Western Michigan University student Bassey Offiong passed away from COVID-19 and he was only 25 years old. Offiong was turned down multiple times when he seeked testing for COVID-19 in Kalamazoo. He was not able to get tested until he returned to his home in Detroit and passed away shortly after. Lee, who is originally from Kalamazoo, said she believes that he would still be alive if he got tested in Kalamazoo.
“In my mind, if Kalamazoo had tested him, like they should have, he potentially may still be here,” Lee said. “I don't feel like that young man had to die and that happens a lot even before the COVID-19 outbreak, where people of color are less likely to get adequate health care. They don't take our concern seriously. For whatever reason, they always think there's some sort of ulterior motive to get pain medication or you're just trying to apply for disability and if that's the case, it's like so what, that's my prerogative, but we are treated unfairly when it comes to our health and our concerns.”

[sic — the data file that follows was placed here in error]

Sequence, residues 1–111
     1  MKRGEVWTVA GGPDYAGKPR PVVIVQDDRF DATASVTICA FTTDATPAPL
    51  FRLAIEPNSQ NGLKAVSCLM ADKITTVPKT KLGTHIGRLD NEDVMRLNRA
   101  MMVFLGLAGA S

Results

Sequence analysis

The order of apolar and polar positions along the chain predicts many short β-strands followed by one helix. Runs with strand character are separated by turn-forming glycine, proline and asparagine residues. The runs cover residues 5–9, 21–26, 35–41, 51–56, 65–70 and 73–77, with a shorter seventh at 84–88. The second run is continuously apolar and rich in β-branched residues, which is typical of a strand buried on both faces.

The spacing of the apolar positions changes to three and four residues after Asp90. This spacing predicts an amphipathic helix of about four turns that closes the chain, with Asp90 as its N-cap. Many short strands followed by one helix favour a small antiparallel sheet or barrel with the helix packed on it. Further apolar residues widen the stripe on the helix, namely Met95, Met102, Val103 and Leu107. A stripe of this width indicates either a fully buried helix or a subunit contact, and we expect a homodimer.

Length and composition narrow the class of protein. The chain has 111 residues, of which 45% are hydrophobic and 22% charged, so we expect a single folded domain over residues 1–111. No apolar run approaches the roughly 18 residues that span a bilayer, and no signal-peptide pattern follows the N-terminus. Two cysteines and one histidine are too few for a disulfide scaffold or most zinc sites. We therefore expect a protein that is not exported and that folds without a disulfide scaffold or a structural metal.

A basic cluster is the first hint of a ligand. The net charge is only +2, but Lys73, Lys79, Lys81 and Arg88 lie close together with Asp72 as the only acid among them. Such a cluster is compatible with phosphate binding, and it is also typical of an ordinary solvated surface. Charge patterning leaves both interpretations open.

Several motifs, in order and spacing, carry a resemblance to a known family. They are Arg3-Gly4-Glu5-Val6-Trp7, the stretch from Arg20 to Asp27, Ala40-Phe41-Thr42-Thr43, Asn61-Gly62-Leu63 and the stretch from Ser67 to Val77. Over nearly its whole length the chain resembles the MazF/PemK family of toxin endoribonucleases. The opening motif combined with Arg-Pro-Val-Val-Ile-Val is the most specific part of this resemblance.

Because of these factors, Jane said the county should put out information specifically for African Americans and at-risk communities for preventing the spread that differs from the stay-at-home order, such as maintaining a healthy lifestyle and childcare for essential workers.
“I do think the messaging may need to be a little bit different for the African American Community. Specifically, like what should you be doing food-wise. It shouldn’t just be overall general messaging, just wash your hands,” Jane said. “Like those types of things that other families in Washtenaw County wouldn't even have to deal with. How do we get that message out specifically to the African American community?”
Daily Staff Reporter Jasmin Lee can be reached at firstname.lastname@example.org.